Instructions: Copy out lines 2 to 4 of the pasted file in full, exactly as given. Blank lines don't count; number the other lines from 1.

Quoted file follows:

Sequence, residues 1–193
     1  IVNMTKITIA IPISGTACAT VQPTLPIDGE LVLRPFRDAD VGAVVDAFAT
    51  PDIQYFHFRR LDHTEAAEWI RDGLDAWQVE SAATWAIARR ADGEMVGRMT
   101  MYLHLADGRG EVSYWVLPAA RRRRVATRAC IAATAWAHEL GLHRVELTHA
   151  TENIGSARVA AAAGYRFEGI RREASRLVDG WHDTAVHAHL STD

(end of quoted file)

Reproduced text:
     1  IVNMTKITIA IPISGTACAT VQPTLPIDGE LVLRPFRDAD VGAVVDAFAT
    51  PDIQYFHFRR LDHTEAAEWI RDGLDAWQVE SAATWAIARR ADGEMVGRMT
   101  MYLHLADGRG EVSYWVLPAA RRRRVATRAC IAATAWAHEL GLHRVELTHA